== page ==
Do you keep ashes in a metal can?
Do you use safety matches? If not, are they kept out of the reach of children?
Is your basement free from rubbish?
Is your gasoline kept inside the house?
Has the moss been removed from your roof?
Has the winter’s wood been piled too close to the furnace?
Name the ten most common causes of fire in the home and school.
The culmination of the week’s drive to impress Portland with the need of taking every possible step towards elimination of fire risks was a parade in the morning of Fire Prevention Day. Governor Withycombe, Mayor Albee, city commissioners, civic groups, school children, county officials, firemen, police, the United States Forestry Service and other interested organizations took part.
The Chamber of Commerce sponsored a luncheon honoring Fire Marshal Stevens and his deputies, and lauded the progress they had made in cutting down fire losses in Portland (3 & 28).
Henchmen of Safety
Every man, woman and child, however, did not participate in all the plans for fire prevention. A fire marshal frequently had the door slammed in his face by an impatient housewife. He was often told to “get out” by an irate property owner when he suggested an improvement which should be made to lessen the danger of fire. All too frequently he was denied admission to a building when he arrived on an inspection tour (3 & 28).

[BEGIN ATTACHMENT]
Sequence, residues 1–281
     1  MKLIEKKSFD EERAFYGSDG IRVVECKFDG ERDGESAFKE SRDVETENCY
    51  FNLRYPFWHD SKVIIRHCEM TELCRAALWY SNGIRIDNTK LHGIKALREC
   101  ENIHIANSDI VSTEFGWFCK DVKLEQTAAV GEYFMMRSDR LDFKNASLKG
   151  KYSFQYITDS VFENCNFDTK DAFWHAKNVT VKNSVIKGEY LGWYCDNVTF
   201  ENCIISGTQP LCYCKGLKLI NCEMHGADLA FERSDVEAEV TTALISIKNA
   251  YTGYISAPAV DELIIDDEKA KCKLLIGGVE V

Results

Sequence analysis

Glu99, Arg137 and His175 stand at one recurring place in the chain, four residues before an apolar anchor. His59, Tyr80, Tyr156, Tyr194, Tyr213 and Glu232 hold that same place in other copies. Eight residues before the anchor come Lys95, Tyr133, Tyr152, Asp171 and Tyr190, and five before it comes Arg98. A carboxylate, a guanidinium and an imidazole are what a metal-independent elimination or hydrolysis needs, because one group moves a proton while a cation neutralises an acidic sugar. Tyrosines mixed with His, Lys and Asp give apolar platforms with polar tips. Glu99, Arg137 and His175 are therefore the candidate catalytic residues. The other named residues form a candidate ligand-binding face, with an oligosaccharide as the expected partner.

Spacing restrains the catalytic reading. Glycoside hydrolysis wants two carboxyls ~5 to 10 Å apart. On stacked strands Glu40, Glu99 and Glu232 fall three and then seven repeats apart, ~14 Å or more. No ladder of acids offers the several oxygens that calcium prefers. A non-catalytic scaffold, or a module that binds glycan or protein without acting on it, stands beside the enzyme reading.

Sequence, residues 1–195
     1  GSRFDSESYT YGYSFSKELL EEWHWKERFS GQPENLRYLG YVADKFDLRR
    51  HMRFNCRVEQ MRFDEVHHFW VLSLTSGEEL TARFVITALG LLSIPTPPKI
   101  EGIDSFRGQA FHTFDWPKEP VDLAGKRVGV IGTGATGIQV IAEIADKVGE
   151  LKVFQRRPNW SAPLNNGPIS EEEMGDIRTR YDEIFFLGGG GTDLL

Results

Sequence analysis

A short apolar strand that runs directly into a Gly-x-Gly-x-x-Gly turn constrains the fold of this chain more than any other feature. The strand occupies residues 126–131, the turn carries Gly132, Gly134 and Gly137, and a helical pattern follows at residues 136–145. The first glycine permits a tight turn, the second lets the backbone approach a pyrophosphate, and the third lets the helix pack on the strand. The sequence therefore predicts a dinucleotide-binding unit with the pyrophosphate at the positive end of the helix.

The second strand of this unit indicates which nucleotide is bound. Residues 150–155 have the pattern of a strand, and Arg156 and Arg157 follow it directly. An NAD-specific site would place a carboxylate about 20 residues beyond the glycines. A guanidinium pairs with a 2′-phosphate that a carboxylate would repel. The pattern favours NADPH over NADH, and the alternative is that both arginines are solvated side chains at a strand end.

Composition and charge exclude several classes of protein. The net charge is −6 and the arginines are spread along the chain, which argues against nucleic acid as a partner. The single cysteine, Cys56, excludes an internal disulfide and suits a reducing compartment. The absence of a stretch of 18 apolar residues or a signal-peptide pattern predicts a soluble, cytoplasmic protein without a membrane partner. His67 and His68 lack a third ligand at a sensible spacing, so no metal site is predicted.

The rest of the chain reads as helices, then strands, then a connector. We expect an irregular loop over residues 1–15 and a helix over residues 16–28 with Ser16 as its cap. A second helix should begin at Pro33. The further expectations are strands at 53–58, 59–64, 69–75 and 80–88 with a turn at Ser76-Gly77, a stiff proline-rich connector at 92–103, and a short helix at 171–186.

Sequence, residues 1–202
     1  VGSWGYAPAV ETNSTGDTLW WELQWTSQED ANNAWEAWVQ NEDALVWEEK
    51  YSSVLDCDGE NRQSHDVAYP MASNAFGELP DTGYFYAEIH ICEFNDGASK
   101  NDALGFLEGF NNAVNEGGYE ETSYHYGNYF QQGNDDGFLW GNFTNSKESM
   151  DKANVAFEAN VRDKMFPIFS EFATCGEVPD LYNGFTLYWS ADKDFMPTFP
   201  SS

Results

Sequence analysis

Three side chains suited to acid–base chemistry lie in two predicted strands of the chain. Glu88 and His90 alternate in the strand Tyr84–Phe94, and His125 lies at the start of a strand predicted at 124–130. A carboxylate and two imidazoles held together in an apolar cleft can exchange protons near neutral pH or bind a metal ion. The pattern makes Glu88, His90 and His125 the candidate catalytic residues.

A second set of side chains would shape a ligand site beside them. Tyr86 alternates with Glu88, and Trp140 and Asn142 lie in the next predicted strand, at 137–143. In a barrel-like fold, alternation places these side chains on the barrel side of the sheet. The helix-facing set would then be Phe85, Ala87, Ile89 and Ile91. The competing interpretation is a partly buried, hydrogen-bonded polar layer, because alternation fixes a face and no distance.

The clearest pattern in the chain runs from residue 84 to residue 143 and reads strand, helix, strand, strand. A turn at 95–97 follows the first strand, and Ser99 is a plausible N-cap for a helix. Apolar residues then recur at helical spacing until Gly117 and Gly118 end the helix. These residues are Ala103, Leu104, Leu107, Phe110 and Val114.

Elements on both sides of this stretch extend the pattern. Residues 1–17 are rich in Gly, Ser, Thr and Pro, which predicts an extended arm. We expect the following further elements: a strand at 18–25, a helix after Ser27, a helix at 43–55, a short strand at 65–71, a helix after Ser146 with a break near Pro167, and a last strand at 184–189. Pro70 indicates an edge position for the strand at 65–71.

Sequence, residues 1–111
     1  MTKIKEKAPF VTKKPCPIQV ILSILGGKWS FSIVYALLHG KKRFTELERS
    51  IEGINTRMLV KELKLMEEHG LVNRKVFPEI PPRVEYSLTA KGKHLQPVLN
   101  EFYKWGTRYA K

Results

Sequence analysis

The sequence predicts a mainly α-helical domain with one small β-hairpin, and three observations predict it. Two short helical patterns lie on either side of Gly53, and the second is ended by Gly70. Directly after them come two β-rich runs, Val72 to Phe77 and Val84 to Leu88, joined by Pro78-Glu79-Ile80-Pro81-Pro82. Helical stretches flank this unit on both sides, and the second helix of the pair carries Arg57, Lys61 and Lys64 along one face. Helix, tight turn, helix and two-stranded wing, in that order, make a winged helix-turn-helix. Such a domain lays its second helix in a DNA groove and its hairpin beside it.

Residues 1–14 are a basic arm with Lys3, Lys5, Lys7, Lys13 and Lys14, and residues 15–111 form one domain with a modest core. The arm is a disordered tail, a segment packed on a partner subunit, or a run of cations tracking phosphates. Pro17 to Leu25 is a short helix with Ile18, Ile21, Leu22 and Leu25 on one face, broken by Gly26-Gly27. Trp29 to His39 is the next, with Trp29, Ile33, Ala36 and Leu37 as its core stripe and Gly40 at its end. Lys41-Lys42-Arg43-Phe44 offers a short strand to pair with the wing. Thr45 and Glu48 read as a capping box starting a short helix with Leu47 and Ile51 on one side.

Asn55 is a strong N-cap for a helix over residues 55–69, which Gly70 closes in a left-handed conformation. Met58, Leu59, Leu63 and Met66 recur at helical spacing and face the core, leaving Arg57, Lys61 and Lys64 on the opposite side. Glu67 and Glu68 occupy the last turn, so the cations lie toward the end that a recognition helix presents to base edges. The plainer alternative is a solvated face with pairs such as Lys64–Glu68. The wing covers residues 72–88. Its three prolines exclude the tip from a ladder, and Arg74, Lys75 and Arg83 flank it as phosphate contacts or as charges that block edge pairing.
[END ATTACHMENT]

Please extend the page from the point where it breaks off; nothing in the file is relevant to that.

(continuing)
On one occasion a citizen, angry because he had been notified to remove the moss from the roof of his home, telephoned Fire Marshal Stevens. “One of your henchmen is out here inspecting my house,” he reported, “and I warn you, there will be an election before long and you will not get my support.” Happily the Fire Marshal and all his “henchmen” were working under civil service (22).
Perhaps the unkindest out of all was given by a leading Portland newspaper which facetiously referred to the fire marshals as “match inspectors.” When rebuked by the opposition press for this flippant attitude the offending newspaper rushed editorially to its own defense with “a reference to a city official, whose duty it is to caution busy mothers against letting their children play with matches.” The editorial commented further, “the impression seems to prevail that mothers are not good for much nowadays” so the “city now gives lessons in safety.” Carried on by the force of this logic the suggestion was made for “wash tub inspectors” and “why not inspectors of galoshes?” A smashing conclusion asserted: “The average mother, conscious of her common sense, resents admonitions just a thoroughly as would the father if a uniformed officer called at his office and cautioned him against smoking in bed. No one enjoys the implication that one is a fool.” (3, 29 & 30)